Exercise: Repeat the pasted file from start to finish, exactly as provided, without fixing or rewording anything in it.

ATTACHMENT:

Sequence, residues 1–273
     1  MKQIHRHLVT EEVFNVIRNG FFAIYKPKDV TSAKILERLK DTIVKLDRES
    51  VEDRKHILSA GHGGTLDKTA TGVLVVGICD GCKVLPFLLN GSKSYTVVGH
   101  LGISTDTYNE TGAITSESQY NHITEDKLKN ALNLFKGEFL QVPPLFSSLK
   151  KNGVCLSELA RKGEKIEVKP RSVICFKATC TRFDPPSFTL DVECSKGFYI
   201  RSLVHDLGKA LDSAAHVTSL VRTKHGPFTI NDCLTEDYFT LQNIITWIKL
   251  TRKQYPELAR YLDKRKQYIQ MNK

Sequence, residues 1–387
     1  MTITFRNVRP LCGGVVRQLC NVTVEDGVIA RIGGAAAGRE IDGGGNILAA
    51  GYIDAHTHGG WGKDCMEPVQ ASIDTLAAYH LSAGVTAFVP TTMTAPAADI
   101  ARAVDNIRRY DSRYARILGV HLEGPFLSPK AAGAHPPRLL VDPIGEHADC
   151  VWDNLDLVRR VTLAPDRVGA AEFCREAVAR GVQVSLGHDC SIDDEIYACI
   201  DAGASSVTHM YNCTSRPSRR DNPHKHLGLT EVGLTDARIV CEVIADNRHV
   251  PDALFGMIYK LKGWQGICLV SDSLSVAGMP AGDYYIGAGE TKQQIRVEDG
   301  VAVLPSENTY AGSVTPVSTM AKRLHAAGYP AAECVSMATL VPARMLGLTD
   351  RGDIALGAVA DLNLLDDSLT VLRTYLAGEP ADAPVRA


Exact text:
Sequence, residues 1–273
     1  MKQIHRHLVT EEVFNVIRNG FFAIYKPKDV TSAKILERLK DTIVKLDRES
    51  VEDRKHILSA GHGGTLDKTA TGVLVVGICD GCKVLPFLLN GSKSYTVVGH
   101  LGISTDTYNE TGAITSESQY NHITEDKLKN ALNLFKGEFL QVPPLFSSLK
   151  KNGVCLSELA RKGEKIEVKP RSVICFKATC TRFDPPSFTL DVECSKGFYI
   201  RSLVHDLGKA LDSAAHVTSL VRTKHGPFTI NDCLTEDYFT LQNIITWIKL
   251  TRKQYPELAR YLDKRKQYIQ MNK

Sequence, residues 1–387
     1  MTITFRNVRP LCGGVVRQLC NVTVEDGVIA RIGGAAAGRE IDGGGNILAA
    51  GYIDAHTHGG WGKDCMEPVQ ASIDTLAAYH LSAGVTAFVP TTMTAPAADI
   101  ARAVDNIRRY DSRYARILGV HLEGPFLSPK AAGAHPPRLL VDPIGEHADC
   151  VWDNLDLVRR VTLAPDRVGA AEFCREAVAR GVQVSLGHDC SIDDEIYACI
   201  DAGASSVTHM YNCTSRPSRR DNPHKHLGLT EVGLTDARIV CEVIADNRHV
   251  PDALFGMIYK LKGWQGICLV SDSLSVAGMP AGDYYIGAGE TKQQIRVEDG
   301  VAVLPSENTY AGSVTPVSTM AKRLHAAGYP AAECVSMATL VPARMLGLTD
   351  RGDIALGAVA DLNLLDDSLT VLRTYLAGEP ADAPVRA